upgrades Presque Isle Bay's recovery John Bartlett
The federal Environmental Protection Agency has determined
that the health of Presque Isle Bay is greatly improved
and can be considered in a recovery stage.
On Thursday, the EPA officially upgraded the bay to an "area
of concern in a recovery stage" from the previous designation
as an "area of concern."
The International Joint Commission, the joint U.S.-Canadian
body that oversees management of the Great Lakes, listed
Presque Isle Bay as an area of concern in 1991.
Presque Isle Bay's designation came as a result of a petition
from Erie area residents in 1988. The designation meant
the bay was so polluted it required attention.
The redesignation as an area of concern in a recovery stage
— commonly referred to as an area of recovery —
recognizes the improvements in the bay's health, EPA Region
3 Administrator Donald Welsh said in a prepared statement.
"It is with pleasure that we approve this redesignation,
which demonstrates the environmental commitment from multiple
partners to restore the health of Presque Isle Bay," Welsh
The Presque Isle Bay Public Advisory Committee, the group
charged with helping oversee the cleanup of the bay, voted
in April to seek recovery stage status.
The state Department of Environmental Protection endorsed
the committee position.
On Oct. 1 in ceremonies aboard the Victorian Princess on
Presque Isle Bay, DEP Secretary David Hess officially requested
that EPA redesignate the bay as in a recovery stage.
Presque Isle Bay becomes the first area of concern to achieve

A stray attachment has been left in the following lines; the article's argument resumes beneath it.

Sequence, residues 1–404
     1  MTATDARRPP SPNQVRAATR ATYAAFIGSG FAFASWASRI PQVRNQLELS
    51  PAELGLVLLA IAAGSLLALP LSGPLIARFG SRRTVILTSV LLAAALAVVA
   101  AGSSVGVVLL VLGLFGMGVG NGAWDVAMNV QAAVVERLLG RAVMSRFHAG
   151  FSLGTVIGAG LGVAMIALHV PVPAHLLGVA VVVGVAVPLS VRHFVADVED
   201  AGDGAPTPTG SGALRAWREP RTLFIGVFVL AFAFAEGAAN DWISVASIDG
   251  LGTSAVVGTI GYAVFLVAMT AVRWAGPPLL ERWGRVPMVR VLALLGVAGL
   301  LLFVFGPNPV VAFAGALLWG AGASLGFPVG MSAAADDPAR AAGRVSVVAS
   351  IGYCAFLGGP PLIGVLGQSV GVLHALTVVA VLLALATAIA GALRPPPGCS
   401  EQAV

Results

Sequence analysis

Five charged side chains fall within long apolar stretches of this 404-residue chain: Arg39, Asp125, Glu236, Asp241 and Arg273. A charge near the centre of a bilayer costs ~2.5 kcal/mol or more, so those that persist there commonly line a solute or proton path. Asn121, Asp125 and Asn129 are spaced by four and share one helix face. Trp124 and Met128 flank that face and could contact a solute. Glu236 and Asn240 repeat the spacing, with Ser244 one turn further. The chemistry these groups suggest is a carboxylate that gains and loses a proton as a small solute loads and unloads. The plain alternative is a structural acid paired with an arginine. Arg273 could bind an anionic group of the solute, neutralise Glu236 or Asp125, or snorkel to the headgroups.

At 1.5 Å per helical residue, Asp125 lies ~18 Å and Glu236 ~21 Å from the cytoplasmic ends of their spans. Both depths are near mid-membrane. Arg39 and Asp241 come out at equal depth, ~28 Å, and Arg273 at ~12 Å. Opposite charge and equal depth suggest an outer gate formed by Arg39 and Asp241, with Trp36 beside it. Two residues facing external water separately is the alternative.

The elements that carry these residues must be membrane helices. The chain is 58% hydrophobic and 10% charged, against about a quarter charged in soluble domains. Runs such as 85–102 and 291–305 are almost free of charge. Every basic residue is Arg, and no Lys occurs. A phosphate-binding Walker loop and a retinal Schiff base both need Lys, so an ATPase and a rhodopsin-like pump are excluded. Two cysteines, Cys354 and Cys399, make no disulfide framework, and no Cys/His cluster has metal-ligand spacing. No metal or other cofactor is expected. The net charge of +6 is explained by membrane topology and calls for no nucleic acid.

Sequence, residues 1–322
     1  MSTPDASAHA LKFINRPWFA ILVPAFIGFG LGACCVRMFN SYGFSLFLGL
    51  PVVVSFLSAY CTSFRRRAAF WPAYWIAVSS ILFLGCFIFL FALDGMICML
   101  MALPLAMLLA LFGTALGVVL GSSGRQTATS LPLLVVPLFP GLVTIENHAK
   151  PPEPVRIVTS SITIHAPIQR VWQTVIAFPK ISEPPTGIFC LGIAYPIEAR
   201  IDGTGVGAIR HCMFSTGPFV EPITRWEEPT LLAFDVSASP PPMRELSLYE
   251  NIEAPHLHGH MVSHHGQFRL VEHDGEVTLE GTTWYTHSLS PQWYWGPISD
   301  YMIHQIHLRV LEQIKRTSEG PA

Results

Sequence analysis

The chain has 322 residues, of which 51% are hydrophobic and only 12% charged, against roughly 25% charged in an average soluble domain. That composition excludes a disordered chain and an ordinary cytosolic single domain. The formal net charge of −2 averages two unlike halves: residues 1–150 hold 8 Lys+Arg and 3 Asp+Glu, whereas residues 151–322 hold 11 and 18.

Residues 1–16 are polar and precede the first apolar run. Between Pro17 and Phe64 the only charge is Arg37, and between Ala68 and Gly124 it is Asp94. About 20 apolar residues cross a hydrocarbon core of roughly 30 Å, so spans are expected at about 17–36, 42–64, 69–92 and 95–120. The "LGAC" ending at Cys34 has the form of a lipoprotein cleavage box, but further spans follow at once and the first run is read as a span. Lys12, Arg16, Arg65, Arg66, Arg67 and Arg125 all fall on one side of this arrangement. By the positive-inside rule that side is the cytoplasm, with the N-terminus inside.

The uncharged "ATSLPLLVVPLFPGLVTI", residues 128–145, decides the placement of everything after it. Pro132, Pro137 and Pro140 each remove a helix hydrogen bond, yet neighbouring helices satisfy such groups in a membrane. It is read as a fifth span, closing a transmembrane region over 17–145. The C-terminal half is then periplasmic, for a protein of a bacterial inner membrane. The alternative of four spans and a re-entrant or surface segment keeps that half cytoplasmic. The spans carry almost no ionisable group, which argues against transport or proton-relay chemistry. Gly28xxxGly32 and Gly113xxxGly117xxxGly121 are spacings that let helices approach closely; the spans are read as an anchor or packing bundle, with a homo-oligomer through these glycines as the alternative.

recovery designation — a new designation accepted
by the EPA to show improvement and considered a major first
step toward eventual de-listing.
"I think we are all gratified in the progress we've made
with Presque Isle Bay that has been documented and recognized
by EPA," said Gannon University Professor Rick Diz, the
immediate past chairman of the Presque Isle Bay Public Advisory
However, Diz said the bay's new status does not mean nothing
more needs to be done or can be done.
"The redesignation does not mean that we can or should let
up in any way with our efforts to improve the environmental
quality of the area," he said. "No one should be fooled
into thinking that Erie no longer has any concerns about
its environmental quality, but we should be proud of the
progress that has been made."
EPA's requirements for the redesignation include a pollution
prevention plan and a monitoring program to reduce risk
of future degradation and ensure the recovery continues.
To date, only one of the 43 areas of concern designated
by the International Joint Commission — Collingwood
Harbour in Ontario — has been delisted.
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